This article was featured in the 2024 Spring Newsletter by Robert Smith-SLELO PRISM. 

The St. Lawrence and Eastern Lake Ontario (SLELO) Region lies within the largest temperate deciduous forest in the world. This extends along the Appalachian Mountain range from Alabama through New York and into Nova Scotia, representing a pathway corridor for native species that must move long distances to find suitable habitat as climate changes. In the five-county SLELO region, there are nearly 2 million acres of forested land with additional acreage in urban forests. Invasive forest pests and tree diseases currently affecting the SLELO region, and those soon to arrive, can reduce the ability of our forested lands to store carbon which further worsens climate change, and the ability of wildlife to move through this corridor.

A recent study showed forest plots damaged by insect pests stored 69% less carbon than less disturbed plots and plots recently impacted by disease stored about 28% less carbon (Quirion et al 2021). SLELO’s efforts to slow the spread of forest pests and pathogens is a key strategy for enhancing the resilience of our forested areas against a changing climate and invasive species.

Current forest pests of concern include emerald ash borer (EAB), hemlock woolly adelgid (HWA), beech leaf disease (BLD), and elm zigzag sawfly (EZS).  Forest pests close to our area include spotted lanternfly (SLF) and invasive long-horned beetle (LB).  Key steps that we take to limit the spread of these species are Prevention, Early Detection/Rapid Response, and Invasive Species Management.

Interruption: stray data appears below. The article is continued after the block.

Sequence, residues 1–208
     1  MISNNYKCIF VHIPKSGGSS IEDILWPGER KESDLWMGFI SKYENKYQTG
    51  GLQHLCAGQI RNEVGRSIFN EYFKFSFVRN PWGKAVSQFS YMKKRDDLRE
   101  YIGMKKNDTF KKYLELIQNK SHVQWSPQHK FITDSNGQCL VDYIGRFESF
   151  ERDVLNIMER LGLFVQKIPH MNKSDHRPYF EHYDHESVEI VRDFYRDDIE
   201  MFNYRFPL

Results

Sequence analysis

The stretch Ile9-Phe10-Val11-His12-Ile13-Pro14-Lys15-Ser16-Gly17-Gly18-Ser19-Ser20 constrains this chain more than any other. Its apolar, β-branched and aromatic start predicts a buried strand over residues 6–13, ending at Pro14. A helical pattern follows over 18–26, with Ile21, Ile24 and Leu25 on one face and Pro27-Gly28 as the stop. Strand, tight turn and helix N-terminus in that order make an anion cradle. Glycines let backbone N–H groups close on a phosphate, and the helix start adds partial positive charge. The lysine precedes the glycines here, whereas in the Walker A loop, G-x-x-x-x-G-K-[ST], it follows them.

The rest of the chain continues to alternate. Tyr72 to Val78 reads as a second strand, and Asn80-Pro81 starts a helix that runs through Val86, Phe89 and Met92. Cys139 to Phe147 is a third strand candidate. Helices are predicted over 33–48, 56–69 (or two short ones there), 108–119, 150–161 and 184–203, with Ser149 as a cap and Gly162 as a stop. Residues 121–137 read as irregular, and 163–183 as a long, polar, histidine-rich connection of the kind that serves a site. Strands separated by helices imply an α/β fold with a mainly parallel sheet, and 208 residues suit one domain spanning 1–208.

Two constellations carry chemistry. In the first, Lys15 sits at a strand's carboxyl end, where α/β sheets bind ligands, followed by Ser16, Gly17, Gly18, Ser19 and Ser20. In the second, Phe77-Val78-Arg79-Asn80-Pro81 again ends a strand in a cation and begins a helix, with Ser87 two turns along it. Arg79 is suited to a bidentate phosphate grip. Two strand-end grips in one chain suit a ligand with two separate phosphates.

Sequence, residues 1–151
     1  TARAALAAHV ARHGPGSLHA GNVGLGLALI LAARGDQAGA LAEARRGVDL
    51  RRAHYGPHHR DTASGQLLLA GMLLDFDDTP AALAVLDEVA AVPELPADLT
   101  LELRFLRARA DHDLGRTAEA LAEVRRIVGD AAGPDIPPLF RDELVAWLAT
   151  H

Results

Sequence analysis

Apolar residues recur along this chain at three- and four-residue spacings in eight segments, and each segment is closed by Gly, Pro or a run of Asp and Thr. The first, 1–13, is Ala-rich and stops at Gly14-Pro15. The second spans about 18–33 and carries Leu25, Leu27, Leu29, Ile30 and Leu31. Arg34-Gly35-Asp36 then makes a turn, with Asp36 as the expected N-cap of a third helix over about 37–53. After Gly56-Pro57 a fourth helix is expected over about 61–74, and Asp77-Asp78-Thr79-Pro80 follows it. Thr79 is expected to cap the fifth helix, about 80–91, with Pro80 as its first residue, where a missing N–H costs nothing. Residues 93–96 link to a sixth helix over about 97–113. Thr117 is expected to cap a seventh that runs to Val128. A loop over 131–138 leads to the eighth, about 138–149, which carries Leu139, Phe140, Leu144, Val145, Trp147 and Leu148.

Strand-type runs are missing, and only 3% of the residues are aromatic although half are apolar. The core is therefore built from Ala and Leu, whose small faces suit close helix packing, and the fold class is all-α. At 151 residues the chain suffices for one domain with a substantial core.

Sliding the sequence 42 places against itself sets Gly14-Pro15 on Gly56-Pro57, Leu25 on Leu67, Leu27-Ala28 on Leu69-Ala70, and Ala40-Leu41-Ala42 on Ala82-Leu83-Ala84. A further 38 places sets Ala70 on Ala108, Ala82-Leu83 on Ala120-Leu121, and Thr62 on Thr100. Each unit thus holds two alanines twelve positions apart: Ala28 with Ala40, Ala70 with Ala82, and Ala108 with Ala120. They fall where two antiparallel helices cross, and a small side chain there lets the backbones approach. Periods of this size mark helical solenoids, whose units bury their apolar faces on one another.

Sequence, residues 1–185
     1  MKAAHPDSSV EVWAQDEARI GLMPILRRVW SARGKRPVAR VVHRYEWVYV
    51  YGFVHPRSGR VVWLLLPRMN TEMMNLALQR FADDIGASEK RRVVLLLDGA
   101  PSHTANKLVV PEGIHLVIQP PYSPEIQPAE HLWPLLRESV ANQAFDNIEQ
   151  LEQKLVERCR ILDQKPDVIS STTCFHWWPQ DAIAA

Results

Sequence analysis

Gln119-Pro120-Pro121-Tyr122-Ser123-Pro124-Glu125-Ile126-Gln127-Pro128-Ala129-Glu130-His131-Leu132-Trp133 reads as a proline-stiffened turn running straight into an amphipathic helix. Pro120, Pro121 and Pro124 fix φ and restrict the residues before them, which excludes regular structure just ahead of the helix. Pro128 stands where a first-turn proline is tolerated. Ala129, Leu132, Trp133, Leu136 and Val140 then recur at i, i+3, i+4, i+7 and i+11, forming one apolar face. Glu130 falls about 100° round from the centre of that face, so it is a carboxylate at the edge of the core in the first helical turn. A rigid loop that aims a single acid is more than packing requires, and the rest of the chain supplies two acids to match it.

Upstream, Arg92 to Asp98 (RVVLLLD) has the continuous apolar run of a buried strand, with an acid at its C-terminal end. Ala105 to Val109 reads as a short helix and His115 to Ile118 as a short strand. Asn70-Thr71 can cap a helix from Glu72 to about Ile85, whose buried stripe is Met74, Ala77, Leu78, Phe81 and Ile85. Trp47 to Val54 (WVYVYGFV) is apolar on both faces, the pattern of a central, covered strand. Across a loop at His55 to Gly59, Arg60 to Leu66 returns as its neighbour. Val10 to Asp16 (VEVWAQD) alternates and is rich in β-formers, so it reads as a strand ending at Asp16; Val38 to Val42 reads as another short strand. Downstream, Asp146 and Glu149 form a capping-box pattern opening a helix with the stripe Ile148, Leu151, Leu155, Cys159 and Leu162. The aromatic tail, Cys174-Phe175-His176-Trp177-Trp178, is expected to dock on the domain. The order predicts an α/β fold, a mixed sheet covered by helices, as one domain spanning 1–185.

Prevention involves raising awareness of existing and approaching forest pests in our region and showcasing prevention and control methods. Some way in which we accomplish this is by sharing information with other agencies involved with forest pests, and by hosting informative events for the public. 

 Early Detection/Rapid Response involves identifying new forest pest arrivals when they are in low abundance and then applying appropriate management techniques aimed to reduce the ability of the identified population to become widespread. Invasive species management involves eradicating, containing, or suppressing invasive species depending on their current population (tier) level. Methods of management include manual/mechanical, chemical, and/or biocontrol methods (integrated pest management).  These efforts can be complemented by restoration that returns native plant assemblages to the site- strengthening the health of the applied ecosystem. These steps will help maintain the resiliency of our forests if we work together to make them happen. 

This is a collaborative effort among our team, partnership, and the public.  Alone, none of us can survey for and manage every invasive pest found in our region, but together, we can get this job done!   

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